Colorado is pitching Obamacare to young adults with a comedic ad for "Brosurance," which features some "bros" and their keg stand.
In a play off the "Got Milk?" ads, this ad begins with, "Got Insurance?"
The ad also states: "Keg stands are crazy. Not having health insurance is crazier. Don’t tap into your beer money to cover those medical bills. We got it covered. Now you can too. Thanks Obamacare!”
The ad also lists the hashtag "#GotInsurance" and the website DoYouGotInsurance.com, which forwards to the Connect for Health Colorado health insurance marketplace at GotInsuranceColorado.com where there are other humorous ads.
“We were really trying to come up with something fun and creative that would cut through the clutter on social media and create awareness,” Adam Fox, of the Colorado Consumer Health Initiative, told the Los Angeles Times.
“We wanted to inject a little bit of humor and have it be fun and have it catch some attention and sometimes you have to push the envelope a little bit to do that. The idea is really to help those populations realize they have some options,” added Fox.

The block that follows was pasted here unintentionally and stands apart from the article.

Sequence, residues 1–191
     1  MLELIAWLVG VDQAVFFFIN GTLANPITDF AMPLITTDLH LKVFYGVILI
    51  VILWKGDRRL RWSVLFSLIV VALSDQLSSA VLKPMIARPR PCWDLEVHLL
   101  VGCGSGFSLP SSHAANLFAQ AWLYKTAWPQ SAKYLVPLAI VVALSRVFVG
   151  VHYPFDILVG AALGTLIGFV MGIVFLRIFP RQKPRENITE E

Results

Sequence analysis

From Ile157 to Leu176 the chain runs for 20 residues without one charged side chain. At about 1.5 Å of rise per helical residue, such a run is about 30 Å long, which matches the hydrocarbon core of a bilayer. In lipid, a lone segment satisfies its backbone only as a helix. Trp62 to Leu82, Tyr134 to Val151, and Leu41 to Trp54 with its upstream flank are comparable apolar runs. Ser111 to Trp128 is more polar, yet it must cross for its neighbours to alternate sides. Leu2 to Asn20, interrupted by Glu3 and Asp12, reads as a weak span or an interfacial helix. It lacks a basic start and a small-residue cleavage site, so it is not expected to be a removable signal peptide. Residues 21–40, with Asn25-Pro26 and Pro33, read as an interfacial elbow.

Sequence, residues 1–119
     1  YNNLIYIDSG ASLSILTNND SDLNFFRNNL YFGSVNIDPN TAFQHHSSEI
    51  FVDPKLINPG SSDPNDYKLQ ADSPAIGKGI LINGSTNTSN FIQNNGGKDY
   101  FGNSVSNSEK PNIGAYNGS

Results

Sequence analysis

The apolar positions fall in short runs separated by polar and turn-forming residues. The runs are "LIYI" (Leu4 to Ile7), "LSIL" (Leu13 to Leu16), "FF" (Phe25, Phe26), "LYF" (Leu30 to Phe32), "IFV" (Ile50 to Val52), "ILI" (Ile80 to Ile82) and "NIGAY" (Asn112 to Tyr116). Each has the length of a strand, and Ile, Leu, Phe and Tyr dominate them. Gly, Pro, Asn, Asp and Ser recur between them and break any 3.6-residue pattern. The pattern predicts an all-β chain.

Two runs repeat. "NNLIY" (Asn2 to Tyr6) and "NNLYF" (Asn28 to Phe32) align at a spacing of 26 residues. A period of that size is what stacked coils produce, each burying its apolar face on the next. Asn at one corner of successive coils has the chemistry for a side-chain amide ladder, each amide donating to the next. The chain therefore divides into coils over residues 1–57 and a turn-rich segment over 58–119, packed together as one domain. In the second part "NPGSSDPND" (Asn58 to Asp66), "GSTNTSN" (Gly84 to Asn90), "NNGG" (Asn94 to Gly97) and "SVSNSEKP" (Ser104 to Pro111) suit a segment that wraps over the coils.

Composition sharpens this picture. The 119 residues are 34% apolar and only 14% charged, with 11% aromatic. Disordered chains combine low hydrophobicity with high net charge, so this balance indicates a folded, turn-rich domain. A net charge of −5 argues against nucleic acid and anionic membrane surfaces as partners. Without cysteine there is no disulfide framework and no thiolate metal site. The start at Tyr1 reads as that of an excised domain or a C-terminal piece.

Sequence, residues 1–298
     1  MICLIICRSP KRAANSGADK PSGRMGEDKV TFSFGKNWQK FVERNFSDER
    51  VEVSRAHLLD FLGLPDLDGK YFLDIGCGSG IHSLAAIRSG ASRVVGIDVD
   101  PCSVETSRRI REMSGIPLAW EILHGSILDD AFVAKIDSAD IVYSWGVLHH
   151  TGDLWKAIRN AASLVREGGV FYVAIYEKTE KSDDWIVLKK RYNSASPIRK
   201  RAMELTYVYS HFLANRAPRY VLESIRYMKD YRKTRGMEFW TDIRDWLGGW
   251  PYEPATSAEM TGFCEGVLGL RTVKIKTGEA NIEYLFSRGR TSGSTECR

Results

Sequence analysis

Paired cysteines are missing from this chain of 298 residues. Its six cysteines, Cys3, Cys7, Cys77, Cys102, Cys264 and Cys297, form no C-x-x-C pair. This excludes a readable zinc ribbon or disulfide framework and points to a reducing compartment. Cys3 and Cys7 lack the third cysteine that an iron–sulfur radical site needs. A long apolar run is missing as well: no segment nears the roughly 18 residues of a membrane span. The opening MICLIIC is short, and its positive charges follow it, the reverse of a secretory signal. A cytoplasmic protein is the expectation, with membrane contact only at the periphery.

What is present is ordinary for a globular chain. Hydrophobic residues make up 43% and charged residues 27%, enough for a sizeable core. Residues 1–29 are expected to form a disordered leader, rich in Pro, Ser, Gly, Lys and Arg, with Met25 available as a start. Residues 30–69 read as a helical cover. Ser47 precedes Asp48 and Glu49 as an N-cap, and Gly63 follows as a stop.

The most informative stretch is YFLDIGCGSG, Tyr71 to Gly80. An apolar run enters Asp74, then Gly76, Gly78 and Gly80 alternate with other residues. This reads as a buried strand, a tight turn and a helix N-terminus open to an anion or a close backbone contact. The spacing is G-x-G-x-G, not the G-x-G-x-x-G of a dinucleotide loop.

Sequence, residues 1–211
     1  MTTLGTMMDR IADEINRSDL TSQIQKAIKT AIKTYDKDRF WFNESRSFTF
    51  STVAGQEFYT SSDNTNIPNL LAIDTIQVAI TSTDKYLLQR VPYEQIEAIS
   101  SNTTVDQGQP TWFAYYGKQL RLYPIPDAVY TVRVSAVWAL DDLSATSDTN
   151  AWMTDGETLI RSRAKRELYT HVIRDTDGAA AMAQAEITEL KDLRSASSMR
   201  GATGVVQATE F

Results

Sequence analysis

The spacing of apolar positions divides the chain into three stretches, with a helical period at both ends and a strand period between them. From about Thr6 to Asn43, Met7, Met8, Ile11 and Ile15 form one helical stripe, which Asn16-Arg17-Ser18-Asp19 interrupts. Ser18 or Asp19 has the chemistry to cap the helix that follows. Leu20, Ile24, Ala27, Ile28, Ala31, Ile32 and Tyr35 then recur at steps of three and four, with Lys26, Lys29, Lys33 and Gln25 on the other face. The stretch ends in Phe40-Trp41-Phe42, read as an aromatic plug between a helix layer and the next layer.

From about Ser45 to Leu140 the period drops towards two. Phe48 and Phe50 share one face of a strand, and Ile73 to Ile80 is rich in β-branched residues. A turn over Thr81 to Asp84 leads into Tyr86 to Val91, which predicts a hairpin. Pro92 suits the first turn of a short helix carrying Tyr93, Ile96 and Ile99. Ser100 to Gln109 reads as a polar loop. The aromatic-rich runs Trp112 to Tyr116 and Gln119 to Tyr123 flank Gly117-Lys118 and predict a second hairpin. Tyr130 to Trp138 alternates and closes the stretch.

Popular VideoThis young teenage singer was shocked when Keith Urban invited her on stage at his concert. A few moments later, he made her wildest dreams come true.
The state is encouraging young people to sign up for health insurance as that age group traditionally does not carry coverage, although because of Obamacare, young people 26 and under can stay on their parent's policy.
Not surprisingly, the comedic ad campaign is being attacked by conservatives who despise anything connected to Obamacare.
Ben Shapiro of BreitBart.com wrote:
If these are the sorts of folks Americans are spending taxpayer dollars to insure – and if our job is to cover the “beer money” so that bros don’t have to – Obamacare has bigger problems than a few website glitches.
Popular VideoThis young teenage singer was shocked when Keith Urban invited her on stage at his concert. A few moments later, he made her wildest dreams come true:
BusinessInsider.com called it a "cringeworthy viral ad campaign."